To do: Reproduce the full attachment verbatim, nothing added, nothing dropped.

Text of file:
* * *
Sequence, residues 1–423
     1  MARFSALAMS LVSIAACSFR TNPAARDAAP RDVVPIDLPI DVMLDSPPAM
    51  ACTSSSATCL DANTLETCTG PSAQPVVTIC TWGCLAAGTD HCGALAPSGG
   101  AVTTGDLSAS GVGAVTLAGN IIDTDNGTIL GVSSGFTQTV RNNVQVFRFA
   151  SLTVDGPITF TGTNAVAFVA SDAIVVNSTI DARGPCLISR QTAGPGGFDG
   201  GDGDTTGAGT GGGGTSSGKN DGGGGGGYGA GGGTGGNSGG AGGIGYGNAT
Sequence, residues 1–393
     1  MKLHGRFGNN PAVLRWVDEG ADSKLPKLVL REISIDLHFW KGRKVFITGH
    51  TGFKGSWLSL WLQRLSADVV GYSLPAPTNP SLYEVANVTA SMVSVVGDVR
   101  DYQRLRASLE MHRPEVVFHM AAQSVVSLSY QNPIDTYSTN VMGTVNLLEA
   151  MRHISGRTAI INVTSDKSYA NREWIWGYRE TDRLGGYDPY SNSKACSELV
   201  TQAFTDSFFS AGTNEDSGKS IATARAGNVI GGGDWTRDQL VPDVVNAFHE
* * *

Sequence, residues 1–423
     1  MARFSALAMS LVSIAACSFR TNPAARDAAP RDVVPIDLPI DVMLDSPPAM
    51  ACTSSSATCL DANTLETCTG PSAQPVVTIC TWGCLAAGTD HCGALAPSGG
   101  AVTTGDLSAS GVGAVTLAGN IIDTDNGTIL GVSSGFTQTV RNNVQVFRFA
   151  SLTVDGPITF TGTNAVAFVA SDAIVVNSTI DARGPCLISR QTAGPGGFDG
   201  GDGDTTGAGT GGGGTSSGKN DGGGGGGYGA GGGTGGNSGG AGGIGYGNAT
Sequence, residues 1–393
     1  MKLHGRFGNN PAVLRWVDEG ADSKLPKLVL REISIDLHFW KGRKVFITGH
    51  TGFKGSWLSL WLQRLSADVV GYSLPAPTNP SLYEVANVTA SMVSVVGDVR
   101  DYQRLRASLE MHRPEVVFHM AAQSVVSLSY QNPIDTYSTN VMGTVNLLEA
   151  MRHISGRTAI INVTSDKSYA NREWIWGYRE TDRLGGYDPY SNSKACSELV
   201  TQAFTDSFFS AGTNEDSGKS IATARAGNVI GGGDWTRDQL VPDVVNAFHE